Erica Koyama ’23, from Irvine, Calif., said she arrived on campus ready to take part in the new Life Sciences concentration and quickly engraved SUA’s ethos of caring for others in her heart. As the Class of 2023 navigated the pandemic, Koyama said students “actively created spaces to transform our differences into opportunities to learn from one another.”

“With every challenge we faced, we arose stronger and more united,” Koyama said. “As the toughest yet most joyous four years in my life reach closure, I can now fully perceive the beauty of a Soka education. Soka education has taught me that the heart is the most valuable possession in our lives.”

The final student speaker, Kentaro Shintaku ’23, recounted his journey from Hokkaido, Japan, to SUA and the obstacles he encountered. “My family is not wealthy,” he said. “At times, we couldn’t even pay for gas, water, or electricity.” After learning about Soka, Shintaku began reading Mr. Ikeda’s works and “learning how he struggled in his youth to protect and empower people, which was profoundly inspiring.”

Shintaku—known for his cheerful hello around campus—said at SUA he “went from shy and reserved to someone now brimming with confidence and the desire to connect to all people.” During the pandemic, he “called out from my computer to my friends around the world. I was determined to create value in a time of unbelievable adversity.” That effort led to connecting with students worldwide and launching an online youth summit to discuss how they could work together to build a better world.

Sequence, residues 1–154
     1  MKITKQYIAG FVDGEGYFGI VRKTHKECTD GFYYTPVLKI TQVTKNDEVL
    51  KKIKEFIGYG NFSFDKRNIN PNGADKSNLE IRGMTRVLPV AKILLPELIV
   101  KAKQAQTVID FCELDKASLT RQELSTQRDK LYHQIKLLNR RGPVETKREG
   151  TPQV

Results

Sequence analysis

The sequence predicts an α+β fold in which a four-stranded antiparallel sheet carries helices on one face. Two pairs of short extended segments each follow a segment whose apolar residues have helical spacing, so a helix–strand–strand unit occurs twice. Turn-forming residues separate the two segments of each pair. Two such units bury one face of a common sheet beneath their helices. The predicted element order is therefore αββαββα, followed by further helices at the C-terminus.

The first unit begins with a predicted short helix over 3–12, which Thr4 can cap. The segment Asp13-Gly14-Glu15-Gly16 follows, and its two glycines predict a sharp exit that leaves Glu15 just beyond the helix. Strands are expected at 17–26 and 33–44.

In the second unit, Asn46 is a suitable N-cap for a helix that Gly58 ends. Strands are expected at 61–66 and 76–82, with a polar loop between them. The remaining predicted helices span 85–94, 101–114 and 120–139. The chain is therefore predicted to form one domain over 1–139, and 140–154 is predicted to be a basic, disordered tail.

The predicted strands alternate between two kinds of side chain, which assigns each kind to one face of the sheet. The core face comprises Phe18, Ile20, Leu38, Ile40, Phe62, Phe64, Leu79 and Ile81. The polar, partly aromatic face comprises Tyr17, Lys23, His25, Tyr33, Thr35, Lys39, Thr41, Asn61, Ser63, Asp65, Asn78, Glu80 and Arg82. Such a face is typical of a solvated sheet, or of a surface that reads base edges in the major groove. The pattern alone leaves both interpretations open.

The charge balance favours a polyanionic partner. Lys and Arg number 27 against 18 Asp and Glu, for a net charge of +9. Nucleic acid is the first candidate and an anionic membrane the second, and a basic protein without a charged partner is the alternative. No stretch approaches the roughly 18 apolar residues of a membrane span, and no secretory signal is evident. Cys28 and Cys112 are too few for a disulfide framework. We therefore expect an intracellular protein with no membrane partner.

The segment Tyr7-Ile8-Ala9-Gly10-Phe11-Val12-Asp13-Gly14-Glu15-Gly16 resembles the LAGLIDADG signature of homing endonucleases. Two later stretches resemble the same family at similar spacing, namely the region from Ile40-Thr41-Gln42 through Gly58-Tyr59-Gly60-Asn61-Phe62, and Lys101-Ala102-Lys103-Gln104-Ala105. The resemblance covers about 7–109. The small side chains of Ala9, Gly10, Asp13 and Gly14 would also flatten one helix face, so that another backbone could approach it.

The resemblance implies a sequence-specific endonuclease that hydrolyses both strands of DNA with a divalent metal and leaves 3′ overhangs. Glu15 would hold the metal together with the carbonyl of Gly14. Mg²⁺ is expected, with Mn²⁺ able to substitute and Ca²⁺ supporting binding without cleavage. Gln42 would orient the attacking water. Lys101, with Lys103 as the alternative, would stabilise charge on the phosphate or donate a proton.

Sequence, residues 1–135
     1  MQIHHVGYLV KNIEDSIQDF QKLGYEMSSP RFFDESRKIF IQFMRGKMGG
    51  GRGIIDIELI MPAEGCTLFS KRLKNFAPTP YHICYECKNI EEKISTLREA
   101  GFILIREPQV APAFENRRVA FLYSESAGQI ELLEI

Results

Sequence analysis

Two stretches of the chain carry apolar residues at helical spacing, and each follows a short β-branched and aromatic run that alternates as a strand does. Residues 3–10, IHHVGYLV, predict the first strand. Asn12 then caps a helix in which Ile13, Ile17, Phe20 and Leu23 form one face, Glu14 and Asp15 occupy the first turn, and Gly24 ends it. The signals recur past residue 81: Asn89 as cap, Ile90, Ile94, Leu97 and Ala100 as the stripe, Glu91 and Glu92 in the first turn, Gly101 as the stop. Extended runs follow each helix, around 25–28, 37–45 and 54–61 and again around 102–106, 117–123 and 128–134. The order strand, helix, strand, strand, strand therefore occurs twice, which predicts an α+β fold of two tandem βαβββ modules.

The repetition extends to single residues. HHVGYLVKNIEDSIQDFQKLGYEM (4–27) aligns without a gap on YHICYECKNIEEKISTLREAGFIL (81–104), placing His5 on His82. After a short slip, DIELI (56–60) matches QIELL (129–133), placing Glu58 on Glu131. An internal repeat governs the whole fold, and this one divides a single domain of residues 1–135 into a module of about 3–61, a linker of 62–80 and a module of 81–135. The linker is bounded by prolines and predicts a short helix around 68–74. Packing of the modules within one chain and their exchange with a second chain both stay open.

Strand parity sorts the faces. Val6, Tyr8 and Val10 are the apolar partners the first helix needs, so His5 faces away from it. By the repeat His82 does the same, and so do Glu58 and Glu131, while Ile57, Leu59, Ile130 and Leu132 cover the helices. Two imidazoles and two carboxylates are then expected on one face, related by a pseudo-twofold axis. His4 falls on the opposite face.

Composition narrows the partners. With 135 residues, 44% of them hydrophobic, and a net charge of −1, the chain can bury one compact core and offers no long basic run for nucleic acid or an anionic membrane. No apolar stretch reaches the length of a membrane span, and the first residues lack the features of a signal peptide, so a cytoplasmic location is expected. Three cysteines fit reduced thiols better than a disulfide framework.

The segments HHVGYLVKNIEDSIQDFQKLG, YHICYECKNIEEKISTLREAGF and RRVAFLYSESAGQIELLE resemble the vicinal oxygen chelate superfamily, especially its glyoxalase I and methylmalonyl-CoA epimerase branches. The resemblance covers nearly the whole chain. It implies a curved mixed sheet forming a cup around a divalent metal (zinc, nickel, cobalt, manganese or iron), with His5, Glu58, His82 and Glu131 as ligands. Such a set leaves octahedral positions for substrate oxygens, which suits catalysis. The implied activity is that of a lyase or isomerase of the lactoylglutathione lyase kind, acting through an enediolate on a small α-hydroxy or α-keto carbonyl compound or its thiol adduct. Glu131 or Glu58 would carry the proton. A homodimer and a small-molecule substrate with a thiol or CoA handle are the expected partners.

Shintaku was then called back to the podium to receive the Founder’s Award, which honors the graduating undergraduate who exemplifies the university’s ideals through service and academic excellence. As he accepted the award from Pres. Feasel, Shintaku, who plans to attend Harvard University’s Graduate School of Education next fall, proved how deeply he believes in connection by thanking his amazing classmates for helping him succeed.